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Conditioning for BJJ Rolling

Pretty interesting forum. See some good posts here. Here’s my question. I’m 44 yrs. old and have been training BJJ for about 4 months now. I workout a minimum of 2 classes per week. My problem is my conditioning. Although I’am not overweight and in decent shape I gas really quickly during our end of class rolls.

I’m finding it real hard to use technique over strength at this point. I have been doing alot of treadmill running over the last two months, but still no noticeable changes in my breathing. Any ideas or training techniques to get my lungs in better shape?

Try to relax more during rolling. Being tense and using strength all the time will tire you out much faster. If you are on bottom think about shrimping and using your hips rather than just pushing the guy off you. Try to think about relaxing and using technique rather than winning the roll at all costs. Its a normal thing to go through the first few months. Perhaps at 6 months in reevaluate and see if you are still getting tired on the mat.

If you want to do extra conditioning outside of class any of the workouts from Crossfit or Ross Enamait have worked well for me. But nothing prepares you better for grappling better than actually grappling.

Anton

You’re a typical white belt spaz who doesn’t know enough technique to get technical. Keep drilling and it will come. I was a white belt spaz for about 6-9 months. Then things started “clicking,” and now I’m the most relaxed dude on the mat. Too relaxed, actually, as I should use more strength.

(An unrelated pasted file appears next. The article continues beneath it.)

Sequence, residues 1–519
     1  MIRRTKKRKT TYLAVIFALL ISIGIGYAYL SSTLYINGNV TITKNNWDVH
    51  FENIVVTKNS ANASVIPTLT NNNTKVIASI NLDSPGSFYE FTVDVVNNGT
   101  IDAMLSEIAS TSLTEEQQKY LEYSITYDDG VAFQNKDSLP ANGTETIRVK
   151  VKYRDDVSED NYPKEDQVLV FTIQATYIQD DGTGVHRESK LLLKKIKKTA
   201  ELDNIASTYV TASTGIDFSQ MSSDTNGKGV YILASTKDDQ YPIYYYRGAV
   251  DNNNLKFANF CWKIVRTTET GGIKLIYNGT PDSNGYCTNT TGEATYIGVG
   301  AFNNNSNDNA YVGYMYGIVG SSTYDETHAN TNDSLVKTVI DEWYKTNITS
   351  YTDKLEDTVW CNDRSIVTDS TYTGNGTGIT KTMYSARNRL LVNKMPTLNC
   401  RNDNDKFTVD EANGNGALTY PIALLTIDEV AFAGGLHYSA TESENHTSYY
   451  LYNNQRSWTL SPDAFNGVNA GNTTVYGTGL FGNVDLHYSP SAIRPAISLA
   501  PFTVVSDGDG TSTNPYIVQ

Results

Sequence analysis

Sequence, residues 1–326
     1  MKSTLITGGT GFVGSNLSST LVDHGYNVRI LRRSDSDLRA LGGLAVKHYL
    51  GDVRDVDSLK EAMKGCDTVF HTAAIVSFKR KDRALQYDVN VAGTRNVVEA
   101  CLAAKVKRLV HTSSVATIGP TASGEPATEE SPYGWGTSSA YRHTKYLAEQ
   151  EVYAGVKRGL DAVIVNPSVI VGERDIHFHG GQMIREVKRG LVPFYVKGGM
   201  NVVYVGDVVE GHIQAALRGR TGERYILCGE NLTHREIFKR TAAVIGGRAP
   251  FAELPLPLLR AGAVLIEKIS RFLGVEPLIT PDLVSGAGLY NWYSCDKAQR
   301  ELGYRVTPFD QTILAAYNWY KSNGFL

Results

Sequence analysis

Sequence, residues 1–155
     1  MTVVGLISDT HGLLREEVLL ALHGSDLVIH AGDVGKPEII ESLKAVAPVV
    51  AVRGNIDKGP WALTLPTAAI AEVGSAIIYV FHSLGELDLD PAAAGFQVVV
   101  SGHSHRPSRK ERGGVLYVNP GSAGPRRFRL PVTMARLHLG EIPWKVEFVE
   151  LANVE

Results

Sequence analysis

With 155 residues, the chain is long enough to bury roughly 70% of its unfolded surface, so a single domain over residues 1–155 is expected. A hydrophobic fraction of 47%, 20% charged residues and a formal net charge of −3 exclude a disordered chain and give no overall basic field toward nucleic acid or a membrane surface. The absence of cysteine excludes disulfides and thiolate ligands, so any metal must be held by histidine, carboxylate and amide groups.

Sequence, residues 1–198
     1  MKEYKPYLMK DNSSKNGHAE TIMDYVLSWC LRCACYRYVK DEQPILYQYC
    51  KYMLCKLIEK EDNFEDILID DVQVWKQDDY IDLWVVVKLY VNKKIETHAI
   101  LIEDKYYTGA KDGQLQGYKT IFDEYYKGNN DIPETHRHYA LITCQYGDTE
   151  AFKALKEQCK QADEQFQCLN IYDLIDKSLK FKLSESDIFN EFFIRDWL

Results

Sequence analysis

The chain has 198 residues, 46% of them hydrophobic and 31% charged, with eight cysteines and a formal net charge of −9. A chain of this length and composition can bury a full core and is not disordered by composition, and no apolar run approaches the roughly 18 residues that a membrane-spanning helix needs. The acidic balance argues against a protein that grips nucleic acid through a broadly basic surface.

Guys will say, “Technique over strength.” OK, sure. But if you don’t have any fucking techniques because you’ve only trained for a few months, how does this make sense?

Give it time.

about a month ago i stopped my regular 4 times a week lifting which was more of a bodybuilding routine and now i am lifting full body 2 to 3 times per week and am convinced my conditiong has improve because of it.plus i’ve learned how to relax more when rolling

California,
I would have to agree with you 100% on the spaz comment. I’m struggling to remember moves during the roll sessions so resort to total strength. Definitely trying not to get submitted as well instead of opening myself up by trying to execute the moves. Thanks for the words of engouragement.

[quote]CaliforniaLaw wrote:
You’re a typical white belt spaz who doesn’t know enough technique to get technical. Keep drilling and it will come. I was a white belt spaz for about 6-9 months. Then things started “clicking,” and now I’m the most relaxed dude on the mat. Too relaxed, actually, as I should use more strength.

Guys will say, “Technique over strength.” OK, sure. But if you don’t have any fucking techniques because you’ve only trained for a few months, how does this make sense?

Give it time. [/quote]

I also started BJJ when I was 44, been doing it for 7 years now.

Another common mistake that beginners make is holding their breath. When people tell you to “relax”, they actually are telling you to breathe. Breath control is tough to learn - you’re uncomfortable, being crushed, swept, etc., and you don’t know what to do. Try to think about breathing and moving your hips. When you create space (what you should be doing when you are defending) you also help take the pressure off of your torso.

Ask your instructor for tips on how to control your breathing. Yoga helps.

Enjoy the challenge! It’s a frustrating path, but it will get in your blood.

dhunter,
Thanks for the tips. I have class tonight so I’m going to try the techniques you and tone have suggested. You give me inspiration since you were the same age as me when you started. Didn’t know if I was going to make it or not, but so far I really love it. Barring no major injuries I hope to be in it for quite sometime like yourself.